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Updated: Dec 2 2021


  • Snapshot
    • A 31-year-old man presents to his primary care physician for the evaluation of infertility. He and his wife have been trying to become pregnant for over a year. His wife was extensively evaluated, which showed no reason on her end for their inability to conceive. Upon further questioning, the patient reports decreased spontaneous erections, breast discomfort, and a reduced need to shave. On physical examination, the patient has a eunuchoid body habitus, gynecomastia, and small testes. On laboratory testing, there is a elevated follicle-stimulating hormone (FSH) and luteinizing hormone (LH) with a low testosterone level. The patient is prescribed testosterone replacement therapy after testing his hematocrit and prostate-specific antigen (PSA) level. (Klinefelter syndrome)
  • Introduction
    • Mechanism of action
      • testosterone has 3 modes of action (based on its structure or its derivatives)
        • directly on androgen receptors as testosterone
        • as dihydrotestosterone (DHT) after being converted by 5-α-reductase
          • DHT has a higher avidity for androgen receptors than testosterone
          • leads to development of external genitalia (e.g., hair and prostate)
        • as estrogen after being converted by aromatase, acting on estrogen receptors
    • Clinical use
      • testosterone should only be administered in a man who is hypogonadal
      • primary hypogonadism
        • can be congenital (e.g., Klinefelter syndrome)
        • can be acquired (e.g., orchitis caused by mumps and radiation)
      • secondary hypogonadism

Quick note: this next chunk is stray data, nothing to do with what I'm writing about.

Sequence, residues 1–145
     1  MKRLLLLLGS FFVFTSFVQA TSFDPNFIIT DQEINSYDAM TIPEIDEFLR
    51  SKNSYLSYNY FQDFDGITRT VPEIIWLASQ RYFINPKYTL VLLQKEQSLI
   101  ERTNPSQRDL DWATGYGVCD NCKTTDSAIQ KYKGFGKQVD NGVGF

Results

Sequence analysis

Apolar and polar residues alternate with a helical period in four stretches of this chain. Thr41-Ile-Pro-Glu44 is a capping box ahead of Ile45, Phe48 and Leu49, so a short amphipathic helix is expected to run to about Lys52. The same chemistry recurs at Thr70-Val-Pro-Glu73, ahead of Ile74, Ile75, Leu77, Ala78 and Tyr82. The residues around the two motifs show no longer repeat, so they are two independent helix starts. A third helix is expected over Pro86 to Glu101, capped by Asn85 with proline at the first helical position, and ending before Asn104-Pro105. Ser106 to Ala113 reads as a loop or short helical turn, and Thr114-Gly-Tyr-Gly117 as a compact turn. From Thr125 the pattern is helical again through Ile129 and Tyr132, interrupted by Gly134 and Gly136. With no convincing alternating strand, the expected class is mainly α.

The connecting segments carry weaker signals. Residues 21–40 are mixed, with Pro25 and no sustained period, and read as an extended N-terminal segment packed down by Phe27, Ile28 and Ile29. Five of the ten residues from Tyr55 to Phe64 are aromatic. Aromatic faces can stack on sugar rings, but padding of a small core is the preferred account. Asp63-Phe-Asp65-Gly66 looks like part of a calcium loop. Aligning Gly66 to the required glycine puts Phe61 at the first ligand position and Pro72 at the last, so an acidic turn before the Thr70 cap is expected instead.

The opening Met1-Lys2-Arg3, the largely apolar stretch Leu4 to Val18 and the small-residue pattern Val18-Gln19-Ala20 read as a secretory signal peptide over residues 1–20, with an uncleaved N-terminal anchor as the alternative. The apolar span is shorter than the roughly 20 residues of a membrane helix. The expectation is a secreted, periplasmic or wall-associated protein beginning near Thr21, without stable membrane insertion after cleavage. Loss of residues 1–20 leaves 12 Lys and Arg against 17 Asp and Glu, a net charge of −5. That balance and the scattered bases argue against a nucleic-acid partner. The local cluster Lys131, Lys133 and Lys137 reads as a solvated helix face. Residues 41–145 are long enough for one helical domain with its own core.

• can be congenital (e.g., congenital GnRH deficiency)
        • can be acquired (e.g., hyperprolactinemia)
        • low testosterone, low GnRH, low FSH/LH ratio
          • initial diagnostic testing should also include TSH and prolactin levels
          • further testing may include brain imaging and karotyping
      • anabolic steroid abuse
        • anabolic steroids are structural analogs of testosterone and have anabolic and androgenic effects
        • anabolic effects
          • increased protein synthesis
          • increased muscle mass
          • increased RBC production (i.e., elevated hematocrit)
        • androgenic effects
          • increased libido
          • acne
          • male pattern hair loss
          • gynecomastia
          • dyslipidemia
          • irritability
          • aggressive behavior
        • chronic use leads to suppression of the hypothalamic-pituitary-gonadal axis, causing hypogonadotropic hypogonadism
        • treatment involves cessation of the anabolic steroid
          • may take several months for the hypothalamic-pituitary-gonadal axis to recover
    • Adverse effects
      • masculinization in females
      • prostate disorders (e.g., benign prostatic hyperplasia)
      • worsening of sleep apnea
      • erythrocytosis
      • testicular atrophy in males
      • premature closure of epiphyseal plates in adolescents
      • worsening of lipid profile
        • ↑ LDL and ↓ HDL
      • hepatic adenoma
        • benign mass that can rupture
        • cause of sudden hypotension in a weightlifter (presumably abusing steroids)
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